Stellate nonheritable idiopathic foveomacular retinoschisis in juveniles: case report
BMC Ophthalmology volume 23, Article number: 389 (2023)
Stellate nonhereditary idiopathic foveomacular retinoschisis (SNIFR) is a rare type of retinoschisis with a spoke-like splitting that occurs in the outer plexus layer. We present a case of stellate nonhereditary idiopathic foveomacular retinoschisis in a juvenile, in which two eyes show different development trends and macular retinoschisis could be associated with mechanical force in the Henle fibre layer. The removal of mechanical force can partially restore vision.
A 14-year-old girl with bilateral SNIFR was diagnosed and followed up with spectral-domain optical coherence tomography (SD-OCT). During the two follow-up visits, vitreous adhesion was released in the left eye, and visual acuity improved. Neuroepithelial detachment was aggravated in the right eye, and visual acuity decreased. Therefore, vitrectomy was performed on the right eye. After surgery, the patient’s retina was reattached, and her vision was partially restored.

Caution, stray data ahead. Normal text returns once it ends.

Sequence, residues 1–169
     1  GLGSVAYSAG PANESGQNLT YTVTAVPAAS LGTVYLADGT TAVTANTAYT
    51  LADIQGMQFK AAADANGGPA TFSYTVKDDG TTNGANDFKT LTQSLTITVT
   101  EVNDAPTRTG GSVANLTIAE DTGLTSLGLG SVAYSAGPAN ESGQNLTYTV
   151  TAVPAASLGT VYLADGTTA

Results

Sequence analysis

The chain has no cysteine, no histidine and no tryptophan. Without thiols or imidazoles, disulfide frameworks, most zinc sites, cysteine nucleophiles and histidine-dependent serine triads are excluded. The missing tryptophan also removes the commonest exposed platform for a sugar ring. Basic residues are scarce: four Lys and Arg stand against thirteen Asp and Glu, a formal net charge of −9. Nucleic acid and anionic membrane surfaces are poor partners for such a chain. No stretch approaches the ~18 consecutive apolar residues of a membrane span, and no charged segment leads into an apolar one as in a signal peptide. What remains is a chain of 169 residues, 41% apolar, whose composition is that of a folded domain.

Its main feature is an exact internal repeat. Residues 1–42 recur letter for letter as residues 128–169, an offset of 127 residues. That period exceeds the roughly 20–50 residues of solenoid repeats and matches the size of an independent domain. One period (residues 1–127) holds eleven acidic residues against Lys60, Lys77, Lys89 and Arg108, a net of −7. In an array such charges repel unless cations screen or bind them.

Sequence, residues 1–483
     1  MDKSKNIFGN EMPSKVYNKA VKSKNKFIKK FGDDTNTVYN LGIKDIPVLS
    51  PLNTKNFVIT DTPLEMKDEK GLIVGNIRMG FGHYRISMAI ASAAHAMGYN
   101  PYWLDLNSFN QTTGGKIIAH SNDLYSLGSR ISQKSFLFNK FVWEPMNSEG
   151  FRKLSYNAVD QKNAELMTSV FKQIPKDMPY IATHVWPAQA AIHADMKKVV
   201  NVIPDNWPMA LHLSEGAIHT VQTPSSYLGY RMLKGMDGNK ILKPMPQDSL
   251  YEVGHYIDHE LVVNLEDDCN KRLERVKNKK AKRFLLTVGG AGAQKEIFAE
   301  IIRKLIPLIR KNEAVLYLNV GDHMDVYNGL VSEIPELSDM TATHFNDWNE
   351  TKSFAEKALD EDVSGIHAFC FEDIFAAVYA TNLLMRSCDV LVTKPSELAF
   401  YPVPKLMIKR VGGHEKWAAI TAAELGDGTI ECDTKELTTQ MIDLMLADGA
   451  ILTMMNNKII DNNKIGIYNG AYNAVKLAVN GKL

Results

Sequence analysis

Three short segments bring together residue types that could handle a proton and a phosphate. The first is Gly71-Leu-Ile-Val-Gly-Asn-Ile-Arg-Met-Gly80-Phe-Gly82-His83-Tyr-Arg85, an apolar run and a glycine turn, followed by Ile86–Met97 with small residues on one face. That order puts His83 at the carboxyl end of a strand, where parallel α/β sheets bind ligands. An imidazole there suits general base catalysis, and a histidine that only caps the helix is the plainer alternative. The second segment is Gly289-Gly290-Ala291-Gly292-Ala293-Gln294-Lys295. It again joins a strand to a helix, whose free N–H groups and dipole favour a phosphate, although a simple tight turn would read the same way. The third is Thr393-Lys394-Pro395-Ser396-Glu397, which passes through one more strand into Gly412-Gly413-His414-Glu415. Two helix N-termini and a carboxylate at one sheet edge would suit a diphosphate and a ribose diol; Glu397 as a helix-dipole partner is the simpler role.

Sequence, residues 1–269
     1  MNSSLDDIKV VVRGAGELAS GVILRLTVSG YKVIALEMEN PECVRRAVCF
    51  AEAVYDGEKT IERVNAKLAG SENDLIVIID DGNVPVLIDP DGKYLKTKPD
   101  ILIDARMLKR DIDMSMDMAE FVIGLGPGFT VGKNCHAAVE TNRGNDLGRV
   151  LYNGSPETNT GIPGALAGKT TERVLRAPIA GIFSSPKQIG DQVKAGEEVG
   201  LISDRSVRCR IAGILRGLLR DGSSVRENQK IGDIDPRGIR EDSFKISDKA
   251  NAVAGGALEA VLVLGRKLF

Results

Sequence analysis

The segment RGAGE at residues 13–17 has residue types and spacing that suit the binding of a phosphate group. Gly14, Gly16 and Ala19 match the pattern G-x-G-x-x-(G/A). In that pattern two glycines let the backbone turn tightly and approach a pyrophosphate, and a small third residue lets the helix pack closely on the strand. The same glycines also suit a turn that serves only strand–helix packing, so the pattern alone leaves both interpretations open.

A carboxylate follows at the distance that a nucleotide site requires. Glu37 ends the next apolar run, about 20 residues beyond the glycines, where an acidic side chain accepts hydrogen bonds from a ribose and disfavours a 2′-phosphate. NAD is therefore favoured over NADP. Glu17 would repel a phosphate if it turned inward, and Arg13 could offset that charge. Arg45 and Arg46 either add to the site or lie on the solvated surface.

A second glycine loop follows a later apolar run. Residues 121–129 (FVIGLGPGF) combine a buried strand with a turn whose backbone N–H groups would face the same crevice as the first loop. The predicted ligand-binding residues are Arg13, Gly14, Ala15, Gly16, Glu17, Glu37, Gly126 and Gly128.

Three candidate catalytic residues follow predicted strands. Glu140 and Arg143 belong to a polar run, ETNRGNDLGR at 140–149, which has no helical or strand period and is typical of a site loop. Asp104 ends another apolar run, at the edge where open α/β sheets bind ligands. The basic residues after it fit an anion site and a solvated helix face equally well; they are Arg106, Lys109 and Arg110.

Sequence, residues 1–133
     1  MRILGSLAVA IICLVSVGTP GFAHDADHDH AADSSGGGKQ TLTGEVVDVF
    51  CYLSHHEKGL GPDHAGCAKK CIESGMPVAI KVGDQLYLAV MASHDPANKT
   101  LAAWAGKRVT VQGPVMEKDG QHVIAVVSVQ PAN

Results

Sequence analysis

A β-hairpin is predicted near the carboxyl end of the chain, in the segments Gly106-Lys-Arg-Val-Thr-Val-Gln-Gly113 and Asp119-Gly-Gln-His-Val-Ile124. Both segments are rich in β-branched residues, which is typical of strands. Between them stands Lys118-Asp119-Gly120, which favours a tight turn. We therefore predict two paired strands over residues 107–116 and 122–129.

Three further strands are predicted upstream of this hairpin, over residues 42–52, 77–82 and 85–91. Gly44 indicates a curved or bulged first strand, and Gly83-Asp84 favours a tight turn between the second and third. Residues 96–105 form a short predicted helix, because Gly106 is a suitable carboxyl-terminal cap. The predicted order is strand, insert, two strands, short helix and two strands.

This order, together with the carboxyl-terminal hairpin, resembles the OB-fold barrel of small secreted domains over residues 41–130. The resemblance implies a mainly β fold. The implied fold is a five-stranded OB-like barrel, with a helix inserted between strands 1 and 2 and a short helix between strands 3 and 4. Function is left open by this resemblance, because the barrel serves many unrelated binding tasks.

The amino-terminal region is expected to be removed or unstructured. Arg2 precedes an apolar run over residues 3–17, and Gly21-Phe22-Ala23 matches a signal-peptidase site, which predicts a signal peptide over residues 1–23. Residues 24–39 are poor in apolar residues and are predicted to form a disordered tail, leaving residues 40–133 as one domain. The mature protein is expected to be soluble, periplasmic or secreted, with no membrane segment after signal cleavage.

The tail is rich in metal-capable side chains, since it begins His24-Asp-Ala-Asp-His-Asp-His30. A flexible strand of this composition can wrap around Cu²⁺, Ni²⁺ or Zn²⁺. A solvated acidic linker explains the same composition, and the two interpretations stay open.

We reported a juvenile with bilateral SNIFR. Each of her eyes showed different development trends, so we adopted different treatment methods for each eye. Vitrectomy was performed on the patient to address progressive vision loss, which improved the patient’s vision. It was further confirmed that the Henle layer of SNIFR patients was susceptible to posterior vitreous membrane adhesion.
Stellate nonhereditary idiopathic foveomacular retinoschisis was proposed by Ober in 2014 . There is no known predisposing factor, and most cases are unilateral, while a few are bilateral. At present, the diagnosis of SNIFR is determined after excluding other causes and there is no universal treatment.
We report a case of SNIFR in a juvenile. Visual acuity improved after the release of the vitreomacular adhesion in the left eye, and vitrectomy was performed in the right eye due to progressive visual acuity loss. The patient’s retina was reattached, and visual acuity improved after surgery.